Astragalus newberryi var. castoreus
Newberry's milk-vetch from Domingo Pass Rd, Pueblo Mts......June 25, 1999.
Newberry's Milk-vetch is a low growing perennial, relatively small in size, with the foliage with many silky, silvery hairs (See photos.). The base of the plant is covered with the remains of old leaf bases from previous years. The leaves are many, crowded on the root-crown, with 7-11 obovate , obtuse, rhombic-elliptic, or oblanceolate leaflets. Individual leaflets are 5-16 mm in length, while the leaves as a whole are 2-13 cm long (See photos).
The inflorescence is a raceme, with 3-8 flowers atop the stout flower stem which is equal to or shorter than the leaves. The flowers are ascending, with vivid pink-purple, pink, or whitish petals. The corolla is 2.5-3 cm long while the calyx is about 12 mm long with thin, awl-shaped teeth up to 6 mm long. The banner is 17-32 mm long and held fairly closely above the keel and wings. The keel measures 17-26 mm long and is shorter than the narrow wings which are up to 30 mm long. The pod is up to 17-28 X 7-13 mm, broadly rounded at the base, and incurved or backward hooked with a pointed tip. The pod's surface as seen from the photos is covered with a dense coat of whitish hairs (See photo above and at right.).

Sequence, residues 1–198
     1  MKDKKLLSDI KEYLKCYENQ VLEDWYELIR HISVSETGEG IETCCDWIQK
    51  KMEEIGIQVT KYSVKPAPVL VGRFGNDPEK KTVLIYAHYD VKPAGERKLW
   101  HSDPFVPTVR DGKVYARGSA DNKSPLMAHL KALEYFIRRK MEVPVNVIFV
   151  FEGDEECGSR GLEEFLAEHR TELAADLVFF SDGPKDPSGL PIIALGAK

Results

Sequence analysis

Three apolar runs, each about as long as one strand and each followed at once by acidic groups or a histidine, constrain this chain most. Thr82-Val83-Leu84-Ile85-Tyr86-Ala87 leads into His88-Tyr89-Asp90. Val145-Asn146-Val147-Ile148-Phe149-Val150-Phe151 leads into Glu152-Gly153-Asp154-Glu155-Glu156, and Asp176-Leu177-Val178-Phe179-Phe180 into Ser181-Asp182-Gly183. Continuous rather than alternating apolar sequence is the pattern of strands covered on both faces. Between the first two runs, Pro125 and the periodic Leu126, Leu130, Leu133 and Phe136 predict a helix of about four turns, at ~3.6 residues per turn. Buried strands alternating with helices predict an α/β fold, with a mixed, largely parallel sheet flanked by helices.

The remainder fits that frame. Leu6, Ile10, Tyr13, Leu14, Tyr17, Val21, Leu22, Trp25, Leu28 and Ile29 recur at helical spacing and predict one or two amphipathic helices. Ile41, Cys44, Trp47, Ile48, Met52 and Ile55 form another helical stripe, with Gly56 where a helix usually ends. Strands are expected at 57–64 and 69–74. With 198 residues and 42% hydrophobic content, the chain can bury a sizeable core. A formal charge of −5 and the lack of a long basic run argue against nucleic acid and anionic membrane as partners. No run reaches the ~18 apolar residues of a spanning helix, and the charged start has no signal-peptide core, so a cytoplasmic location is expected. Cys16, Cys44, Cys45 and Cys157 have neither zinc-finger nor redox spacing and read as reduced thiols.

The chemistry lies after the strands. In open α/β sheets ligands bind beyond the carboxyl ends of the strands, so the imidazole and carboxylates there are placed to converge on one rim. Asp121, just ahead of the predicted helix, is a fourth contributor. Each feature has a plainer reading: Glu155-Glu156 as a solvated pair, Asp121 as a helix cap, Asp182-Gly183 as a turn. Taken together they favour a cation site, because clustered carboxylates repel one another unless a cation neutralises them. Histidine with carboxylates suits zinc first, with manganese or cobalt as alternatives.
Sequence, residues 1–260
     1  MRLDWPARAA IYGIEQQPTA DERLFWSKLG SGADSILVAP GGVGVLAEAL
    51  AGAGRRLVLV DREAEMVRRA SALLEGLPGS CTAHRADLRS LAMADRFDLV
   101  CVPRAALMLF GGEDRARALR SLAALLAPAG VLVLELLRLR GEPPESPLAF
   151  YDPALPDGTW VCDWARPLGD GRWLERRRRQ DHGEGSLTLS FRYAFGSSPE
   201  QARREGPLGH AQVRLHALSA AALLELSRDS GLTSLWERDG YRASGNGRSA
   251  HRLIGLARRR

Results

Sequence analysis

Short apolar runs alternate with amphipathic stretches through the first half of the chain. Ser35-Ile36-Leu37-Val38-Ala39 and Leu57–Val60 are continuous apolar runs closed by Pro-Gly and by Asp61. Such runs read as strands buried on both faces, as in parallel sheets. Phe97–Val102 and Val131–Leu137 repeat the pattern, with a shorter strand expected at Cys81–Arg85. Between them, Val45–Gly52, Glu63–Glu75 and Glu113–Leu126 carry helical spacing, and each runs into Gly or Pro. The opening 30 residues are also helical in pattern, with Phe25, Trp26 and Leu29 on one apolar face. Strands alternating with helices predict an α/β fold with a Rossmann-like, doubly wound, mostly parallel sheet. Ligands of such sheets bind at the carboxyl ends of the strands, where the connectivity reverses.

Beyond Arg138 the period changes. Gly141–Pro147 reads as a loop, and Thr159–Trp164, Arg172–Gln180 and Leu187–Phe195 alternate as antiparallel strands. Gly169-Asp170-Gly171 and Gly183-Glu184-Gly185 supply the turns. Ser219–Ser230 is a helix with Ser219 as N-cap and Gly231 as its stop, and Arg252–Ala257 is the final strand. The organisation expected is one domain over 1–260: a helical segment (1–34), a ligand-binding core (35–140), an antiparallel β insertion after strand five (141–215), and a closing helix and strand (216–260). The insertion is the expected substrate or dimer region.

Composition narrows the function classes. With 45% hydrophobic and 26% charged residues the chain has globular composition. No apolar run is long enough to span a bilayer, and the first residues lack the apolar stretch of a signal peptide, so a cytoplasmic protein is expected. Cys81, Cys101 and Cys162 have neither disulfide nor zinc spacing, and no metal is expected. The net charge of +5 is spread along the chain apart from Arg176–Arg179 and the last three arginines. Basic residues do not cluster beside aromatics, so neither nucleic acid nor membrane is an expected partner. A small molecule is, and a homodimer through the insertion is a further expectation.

Newberry's milk-vetch is found in sagebrush and pinyon-juniper woodlands in the plains, foothills, bluffs and badlands.
Newberry's milk-vetch is found from southern Oregon (east of the Cascades) south into the eastern Mojave Desert, east to New Mexico, and north again into eastern Utah. Variety castoreus is the variety found in the Pacific Northwest, and is found from the headwaters of the Deschutes River, south through southeastern Oregon to Twin Falls County, Idaho, and then southward through the southern portion of the Bonneville Basin in Utah, most of Nevada, and to the northern and eastern Mojave Desert in California.
Leaf from Newberry's milk-vetch (Astragalus newberryi var. castoreus), Pueblo Mts........6/25/99.